From snow to water 

Adaptive sports program offers four summer courses

Learning kayak entries and exits are challenging enough for able-bodied people, but try doing it without leg power. That’s just what some physically disabled people will learn this summer when they sign up for kayaking lessons with Whistler Adaptive Sports Program (WASP).

The non-profit group, known for getting physically and developmentally challenged athletes up on the mountains in the winter, will venture into summer sports this year, offering kayaking, canoeing, biking and hiking training.

Kayaking will be offered on Alta Lake in three, two-day workshops that being June 29 and spaced a month apart so novices have plenty of time to practice.

But WASP’s Chelsey Walker says Whistler sit-skier athletes should make a smooth transition to kayaking.

"Sit skiing is quite a similar feeling to being in a whitewater boat," Walker said, "there is quite a lot of skill crossover so we’re hoping to tap into that."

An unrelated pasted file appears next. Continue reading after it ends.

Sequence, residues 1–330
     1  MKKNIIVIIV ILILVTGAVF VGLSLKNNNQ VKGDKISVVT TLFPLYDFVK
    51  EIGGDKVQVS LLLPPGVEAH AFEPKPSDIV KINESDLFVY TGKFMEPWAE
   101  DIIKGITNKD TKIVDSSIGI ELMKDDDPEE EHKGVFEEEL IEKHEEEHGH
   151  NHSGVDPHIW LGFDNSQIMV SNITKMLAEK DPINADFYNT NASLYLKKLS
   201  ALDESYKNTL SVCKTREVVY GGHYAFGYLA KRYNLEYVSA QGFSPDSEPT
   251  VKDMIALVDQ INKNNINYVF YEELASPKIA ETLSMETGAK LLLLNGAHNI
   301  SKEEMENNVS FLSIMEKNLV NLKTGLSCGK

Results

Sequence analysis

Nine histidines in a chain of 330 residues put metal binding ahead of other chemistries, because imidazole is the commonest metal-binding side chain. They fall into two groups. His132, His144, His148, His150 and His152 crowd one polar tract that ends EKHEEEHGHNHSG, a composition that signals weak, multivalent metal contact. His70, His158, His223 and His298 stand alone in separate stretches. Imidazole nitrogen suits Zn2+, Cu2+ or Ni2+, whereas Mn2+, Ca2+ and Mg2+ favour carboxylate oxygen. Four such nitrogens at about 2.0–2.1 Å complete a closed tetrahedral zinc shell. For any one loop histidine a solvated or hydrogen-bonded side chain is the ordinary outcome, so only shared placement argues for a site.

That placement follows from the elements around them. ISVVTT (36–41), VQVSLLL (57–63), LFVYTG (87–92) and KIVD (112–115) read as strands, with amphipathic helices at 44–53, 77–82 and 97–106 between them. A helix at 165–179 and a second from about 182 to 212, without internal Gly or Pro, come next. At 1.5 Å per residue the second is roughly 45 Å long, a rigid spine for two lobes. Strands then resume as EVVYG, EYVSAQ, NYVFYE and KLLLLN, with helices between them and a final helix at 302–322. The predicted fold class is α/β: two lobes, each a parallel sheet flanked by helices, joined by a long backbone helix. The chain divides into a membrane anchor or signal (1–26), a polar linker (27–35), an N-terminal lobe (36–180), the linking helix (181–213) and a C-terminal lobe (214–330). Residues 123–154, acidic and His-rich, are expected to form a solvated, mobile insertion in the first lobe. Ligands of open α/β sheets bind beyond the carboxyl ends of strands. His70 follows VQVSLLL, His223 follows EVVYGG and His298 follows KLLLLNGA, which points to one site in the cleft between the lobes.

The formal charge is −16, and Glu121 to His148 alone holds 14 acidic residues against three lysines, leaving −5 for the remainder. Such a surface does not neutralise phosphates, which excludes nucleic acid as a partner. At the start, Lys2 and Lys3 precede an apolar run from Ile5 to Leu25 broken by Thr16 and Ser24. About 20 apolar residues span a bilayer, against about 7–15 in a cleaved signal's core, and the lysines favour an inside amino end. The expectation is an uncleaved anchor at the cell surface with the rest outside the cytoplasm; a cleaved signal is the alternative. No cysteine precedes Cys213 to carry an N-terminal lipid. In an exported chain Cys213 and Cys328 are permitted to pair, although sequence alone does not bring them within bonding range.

Six participants will progress through three sessions, which will build on skills learned from previous sessions and will be guided by four volunteers and two instructors, one of whom is paraplegic.

"We try to keep ratios low because there is a little bit more fitting that goes on with the equipment, or if we’re dealing with developmentally disabled they might have the balance but just need a bit more one-on-one from their guide or instructor," Walker said.

Whistler sit-skier Shona Burton is considering kayaking lessons so she can stay motivated and keep in shape in the snow-less months.

"Sometimes it is difficult to stay motivated during the summer because it’s so nice out," Burton said. "It (kayaking) will totally get me back into doing more summer sports and stuff, which will be good," Burton said.

Two biking programs will be offered, one for those with cognitive or developmental disabilities, another hand-cycling program for paraplegics and high functioning quadriplegics.

"Each program has different limitations as to who it can serve," Walker said. "A hiking program, that’s not going to work as well for someone who is a quadriplegic, however you can still do a lot of biking and put interpretive information into what you’re doing so it’s a lot like hiking."

WASP receives funding from the Community Foundation of Whistler and is approaching other sources for funding for the adaptive summer program.

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